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Dinner By 10 PM, The Need For Local Guardians: Jamia Provost Shares Reasons In Interview

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During the recent hostel admission interviews in Jamia Millia Islamia, students complained of being harassed and targeted for being dissenting voices of the anti-curfew protests last year. They also complained of arbitrary hostel rules, an absurd criteria of needing two local guardians amongst other grievances. The students also claim to have secretly recorded the interviews in which they were harassed by the interview committee. In this connection, I interviewed Azra Khurshid, the women’s hostel provost of Jamia Millia Islamia.

Muntaha Amin: On what basis is hostel accommodation allotted to students and what criteria is preferred since there are limited seats?

Azra Khurshid: Yes, seats are very limited. Right now I have received about 600 applications and I have only 160 seats to allott. The major criterias are merit, distance and then the economically weaker section or BPL. We consider these things.

MA: Why is there an interview for the hostel allotment? What purpose does it serve?

AK: There are many other things which they are not able to communicate through papers. One very important thing is that we ask them to provide two local guardians. Earlier when there were no interviews, students would actually put signatures from anybody, just paste photos of anybody to show that they are their local guardians. They are here for 2-4 years. Few of them, like BDS students, are for 6-7 years. In between, when they fall sick, nobody comes to take care of them and we have faced lot of problems due to fake local guardians.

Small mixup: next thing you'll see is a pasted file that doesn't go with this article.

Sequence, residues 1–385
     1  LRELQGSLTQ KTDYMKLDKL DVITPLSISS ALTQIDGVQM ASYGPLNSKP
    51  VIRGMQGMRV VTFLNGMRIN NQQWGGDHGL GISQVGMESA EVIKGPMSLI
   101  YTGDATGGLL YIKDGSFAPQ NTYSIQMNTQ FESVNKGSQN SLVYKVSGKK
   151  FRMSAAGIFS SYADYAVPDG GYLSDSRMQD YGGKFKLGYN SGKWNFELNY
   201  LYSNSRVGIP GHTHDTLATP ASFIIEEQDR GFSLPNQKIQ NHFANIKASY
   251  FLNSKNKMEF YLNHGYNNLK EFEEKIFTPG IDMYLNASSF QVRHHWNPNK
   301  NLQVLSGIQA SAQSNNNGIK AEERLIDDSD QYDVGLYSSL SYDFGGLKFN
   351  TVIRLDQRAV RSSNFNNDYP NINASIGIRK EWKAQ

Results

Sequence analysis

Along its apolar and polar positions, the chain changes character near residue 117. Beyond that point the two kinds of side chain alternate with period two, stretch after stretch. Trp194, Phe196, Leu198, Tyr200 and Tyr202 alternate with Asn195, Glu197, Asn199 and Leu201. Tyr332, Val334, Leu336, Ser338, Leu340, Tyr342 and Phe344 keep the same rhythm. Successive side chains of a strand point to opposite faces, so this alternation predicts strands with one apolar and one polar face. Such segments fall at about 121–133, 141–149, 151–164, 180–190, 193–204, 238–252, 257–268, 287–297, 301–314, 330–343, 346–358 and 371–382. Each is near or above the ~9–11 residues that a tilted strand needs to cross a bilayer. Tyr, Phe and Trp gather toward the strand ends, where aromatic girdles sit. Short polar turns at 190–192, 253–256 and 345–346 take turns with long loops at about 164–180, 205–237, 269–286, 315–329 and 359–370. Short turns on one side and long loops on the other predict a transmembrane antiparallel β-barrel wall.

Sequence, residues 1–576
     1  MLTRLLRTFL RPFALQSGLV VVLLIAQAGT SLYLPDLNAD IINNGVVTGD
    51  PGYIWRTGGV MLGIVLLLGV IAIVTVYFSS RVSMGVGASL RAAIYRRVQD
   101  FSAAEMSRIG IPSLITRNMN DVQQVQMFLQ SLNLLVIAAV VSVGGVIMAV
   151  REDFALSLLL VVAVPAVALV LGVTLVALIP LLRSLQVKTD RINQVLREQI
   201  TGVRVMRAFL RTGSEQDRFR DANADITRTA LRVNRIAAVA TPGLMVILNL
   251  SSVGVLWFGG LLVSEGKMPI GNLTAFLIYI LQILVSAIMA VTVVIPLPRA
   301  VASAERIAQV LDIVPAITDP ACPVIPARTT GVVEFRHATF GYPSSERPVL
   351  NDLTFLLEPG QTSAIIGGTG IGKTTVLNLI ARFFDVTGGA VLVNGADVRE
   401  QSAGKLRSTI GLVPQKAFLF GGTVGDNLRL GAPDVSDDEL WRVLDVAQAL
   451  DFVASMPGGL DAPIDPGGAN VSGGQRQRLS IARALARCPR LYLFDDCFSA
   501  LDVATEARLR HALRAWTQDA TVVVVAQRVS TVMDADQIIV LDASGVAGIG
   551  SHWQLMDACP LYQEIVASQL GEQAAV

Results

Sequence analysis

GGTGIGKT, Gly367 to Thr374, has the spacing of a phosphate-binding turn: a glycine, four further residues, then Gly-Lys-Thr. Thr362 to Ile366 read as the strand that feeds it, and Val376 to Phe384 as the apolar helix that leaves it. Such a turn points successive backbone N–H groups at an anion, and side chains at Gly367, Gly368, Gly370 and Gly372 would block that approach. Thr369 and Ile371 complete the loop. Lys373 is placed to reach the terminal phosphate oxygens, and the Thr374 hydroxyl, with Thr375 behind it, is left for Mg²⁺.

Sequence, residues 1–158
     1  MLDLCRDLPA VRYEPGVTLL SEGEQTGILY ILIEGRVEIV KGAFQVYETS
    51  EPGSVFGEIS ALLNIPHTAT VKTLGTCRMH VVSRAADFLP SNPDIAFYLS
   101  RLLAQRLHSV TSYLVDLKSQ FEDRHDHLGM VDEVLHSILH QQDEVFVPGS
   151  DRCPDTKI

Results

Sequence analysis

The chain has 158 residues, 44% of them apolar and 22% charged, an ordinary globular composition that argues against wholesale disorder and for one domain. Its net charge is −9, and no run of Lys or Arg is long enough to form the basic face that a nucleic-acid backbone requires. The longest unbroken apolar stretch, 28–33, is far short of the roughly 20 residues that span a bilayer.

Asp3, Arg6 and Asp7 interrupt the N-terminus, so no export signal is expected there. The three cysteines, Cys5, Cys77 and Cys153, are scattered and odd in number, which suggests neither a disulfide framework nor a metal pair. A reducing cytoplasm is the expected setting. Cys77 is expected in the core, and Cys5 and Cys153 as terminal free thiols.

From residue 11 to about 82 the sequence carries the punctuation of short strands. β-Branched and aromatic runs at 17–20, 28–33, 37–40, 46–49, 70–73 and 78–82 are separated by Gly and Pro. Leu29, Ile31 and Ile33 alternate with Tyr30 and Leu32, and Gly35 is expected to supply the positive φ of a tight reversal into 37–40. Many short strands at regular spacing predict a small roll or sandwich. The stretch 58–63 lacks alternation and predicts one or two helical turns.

Actually, in many cases, there were no local guardians and they just pasted dummy photos and dummy signatures. Therefore, we need local guardians to be present in person in the interviews to sign in front of the administration.

MA: My concern is that students have been complaining of not having any known person in Delhi, no relatives, so how are they supposed to present local guardians before you?

AK: We don’t want relatives. We want guardians. We have given them all the liberty of making anyone their local guardians, to bring their friends’ parents. Students from Manipur, Kashmir, and other far off places, bring their class fellows’ parents. We just want assurance. The first sentence which we utter to guardians is: we will not bother you ever, only and only if they fall sick because we don’t have any arrangement and we don’t have a hospital.

MA: But there is a health centre, the M.A. Ansari Health Centre?

AK: Yes, only a health centre. It is not a hospital. They only give medicine for some time. Sometimes students fall sick due to malaria, due to dengue. There is no medical college at Jamia. If we had a medical college, we would not have had that problem, then we would’ve sent them to the hospital and informed their parents accordingly.

MA: Some students make strangers their local guardians because they are not able to fill forms otherwise and when they fall sick, their local guardians, strangers, are not able to report. Students also complain about the criteria which mentions that local guardians have to be married. Do you feel that is justified?

AK: No, no. You can twist the matter by language. They are not at all forced.

Once, a student met an accident and she expired; in these circumstances, who will you contact? You would like to contact a local guardian but keep in mind, Delhi is a different type of a city. So how can we house students without local guardians? And all students are not mature, some of them are 13 years old, some are 15. Even students who are only 17, 18 years old are not mature. Yes, of course, the PhD students, the Masters students, they are quite mature.